Vigilant Resolve by Dahr Jamail and Omar Khan
Electronic Iraq, 15 February 2005
Remembering the first siege of Fallujah: excerpts from testimony submitted to the World Tribunal on Iraq on Media Wrongs against Humanity, University of Rome (III), February 10-13, 2005.
Quare siletis juristae in munere vestro?
(Why are you jurists silent about that which concerns you?)
Background: a firefight
The armed forces of the United States of America laid siege to the Iraqi city of Fallujah in April and later in November of 2004. In order to better understand the role of US news media relative to these assaults, we must begin with an undeniable if rarely repeated reality: US assaults on Fallujah did not begin in April 2004. Let us avoid the unpleasant reminder that during the first Gulf War, Fallujah was among the cities with the highest numbers of civilian casualties—a distinction indebted to precision laser-guided bombs that struck crowded markets in the city center. We can then date assaults on Fallujah to Iraqi Freedom—which, for those who forget, began with the American invasion so named. A Human Rights Watch Report provides background.
Al-Falluja had generally benefited economically under the previous government. Local residents told Human Rights Watch that many of them had worked for the military, police or intelligence. However, Human Rights Watch did not find overwhelming sympathy for Saddam Hussein following the collapse of his government. Many al-Falluja residents told Human Rights Watch that they considered themselves victims and opponents of his repressive rule.1
Before US forces arrived on April 23, 2003, the report continues,
However, according to the same report, the community became somewhat “agitated and concerned” when US forces took positions in central Fallujah, including in an elementary school. “Worried local leaders met with US commanders on April 24, explaining that al-Falluja was a religious city and requesting sensitivity from US troops.” Aggressive street patrols continued, however, and on April, 28, the day before city schools were scheduled to open, a demonstration was held outside of the elementary school where US troops were stationed. In what was described by military accounts as a “firefight” and by the leaders in American journalism as a perhaps excessive response to an attack,2 US soldiers applied continuous machine gun fire for near ten minutes on the crowd, killing seventeen injuring more than seventy. A ballistics report conducted thereafter could find “no compelling evidence” that a shot had been fired on US forces.3
But to return to the “aggressive street patrols” that began in Fallujah in April of 2003, one might ask why such safekeeping of a city would antagonize its citizens. But this issue needs no return; in Iraq such patrols and their accompanying detentions and collective punishments are ongoing. To ask why they are bothersome to a city’s citizens is furthermore presumptive; these patrols, after all, strip men and women of their rights as citizens. For to the extent that Fallujah was safely kept by US authorities, equally so was the citizenship of Fallujans. A January 2004 trip to Fallujah to speak with a law professor eight months after the arrival of occupation forces addressed these issues in an unexpected way.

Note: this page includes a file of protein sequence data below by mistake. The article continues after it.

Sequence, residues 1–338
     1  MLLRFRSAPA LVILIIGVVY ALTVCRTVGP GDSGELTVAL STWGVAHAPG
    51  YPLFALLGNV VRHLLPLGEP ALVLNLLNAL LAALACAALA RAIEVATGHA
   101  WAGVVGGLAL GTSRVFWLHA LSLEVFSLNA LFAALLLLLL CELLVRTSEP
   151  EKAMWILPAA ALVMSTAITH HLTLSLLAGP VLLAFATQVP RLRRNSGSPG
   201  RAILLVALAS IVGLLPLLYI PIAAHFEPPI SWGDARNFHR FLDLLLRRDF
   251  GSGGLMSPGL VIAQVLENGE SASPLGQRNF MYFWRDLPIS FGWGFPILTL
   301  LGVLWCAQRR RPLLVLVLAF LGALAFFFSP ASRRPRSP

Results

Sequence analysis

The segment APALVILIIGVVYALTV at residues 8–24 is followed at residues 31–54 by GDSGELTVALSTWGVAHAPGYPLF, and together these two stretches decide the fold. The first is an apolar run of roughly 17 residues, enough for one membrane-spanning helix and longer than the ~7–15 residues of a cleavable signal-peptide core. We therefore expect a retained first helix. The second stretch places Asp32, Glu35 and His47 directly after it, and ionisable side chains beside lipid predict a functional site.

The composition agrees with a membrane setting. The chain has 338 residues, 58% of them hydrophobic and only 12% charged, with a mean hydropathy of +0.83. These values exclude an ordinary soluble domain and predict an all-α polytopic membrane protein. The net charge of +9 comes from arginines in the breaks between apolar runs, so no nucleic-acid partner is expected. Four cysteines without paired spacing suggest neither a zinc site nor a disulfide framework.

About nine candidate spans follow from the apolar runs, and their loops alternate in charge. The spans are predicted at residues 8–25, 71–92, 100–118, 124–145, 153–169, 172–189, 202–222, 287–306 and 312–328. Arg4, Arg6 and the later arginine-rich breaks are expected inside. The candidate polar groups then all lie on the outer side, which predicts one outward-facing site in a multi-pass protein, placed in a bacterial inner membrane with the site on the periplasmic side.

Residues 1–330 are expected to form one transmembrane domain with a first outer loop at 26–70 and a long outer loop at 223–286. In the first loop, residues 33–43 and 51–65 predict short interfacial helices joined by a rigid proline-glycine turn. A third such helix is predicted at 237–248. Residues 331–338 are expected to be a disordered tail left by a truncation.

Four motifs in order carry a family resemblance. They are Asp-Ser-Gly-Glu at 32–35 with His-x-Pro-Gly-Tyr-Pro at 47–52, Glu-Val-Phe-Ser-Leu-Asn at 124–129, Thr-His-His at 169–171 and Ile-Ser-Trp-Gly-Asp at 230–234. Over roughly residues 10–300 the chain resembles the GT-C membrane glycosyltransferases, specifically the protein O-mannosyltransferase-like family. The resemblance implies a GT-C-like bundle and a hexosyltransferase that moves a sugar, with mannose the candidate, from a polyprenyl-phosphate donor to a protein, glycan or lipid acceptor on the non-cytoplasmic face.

The man we went to see in Falluja is Sheikh Haji Barakat, who is a law professor. The problem was that the Sheikh was detained by US soldiers three months ago, and remains in Abu Ghraib prison to this day. This, despite the fact that the US Commander of Falluja has already told his family that the Sheikh is innocent. Each time the family has asked for his release, they get the same promise: tomorrow, tomorrow, tomorrow.
“Sheikh Haji Baraket,” explains his cousin Khamis, “is a great, honorable man. The Americans accused him of financing the resistance. But even the Sheikh told the Americans his seven sons are involved in the resistance. This doesn’t mean that their father is guilty. But they have detained him illegally anyway.”
Omar is the 20 year old nephew of the Sheikh, who was detained as well. He tells us of being interrogated. The Americans asked him if he was Sunni, when he had last seen his mother, and other odd questions, then released him. He also tells us that when the Americans came to detain him, the door to the house was smashed, papers and passports were taken, the manifest for the family car, and all the money in the house.
Omar states that while in prison the Americans who questioned him wore civilian clothing, and threatened to release German Shepherd dogs on him.4
The images are by now well known. Since April 2003, to Fallujans and other Iraqis Colonial India must seem an idyllic dream; Mohandas Gandhi’s once forceful rejoinder to arrest—on what charge?—would in today’s Iraq elicit only the force of laughter from authorities and their torturers (if Haji Baraket becomes at some point enfeebled enough to blurt it out). For the sake of Iraqi Freedom, in Fallujah—as elsewhere in the country—it is first the law that has been put away for safekeeping.
For slaughtered sheep
Nonetheless, in the weeks prior to the first siege of Fallujah, US news media could reasonably consider resistance to the US occupation of Iraq as opposition to “free-market capitalism, sexual freedom, and the importing of Hollywood movies.”5 Despite such objections, a New York Times survey of Iraqis found “an upbeat sense among most” that their lives were getting better: “Iraqis are starting to express satisfaction with how things are going.”6 Unsurprising, then, that in the New York Times one read that Spain’s decision to withdraw troops from Iraq—perhaps linked to the recent bombings in Madrid—”constitutes the most dangerous moment we’ve faced since 9/11.”7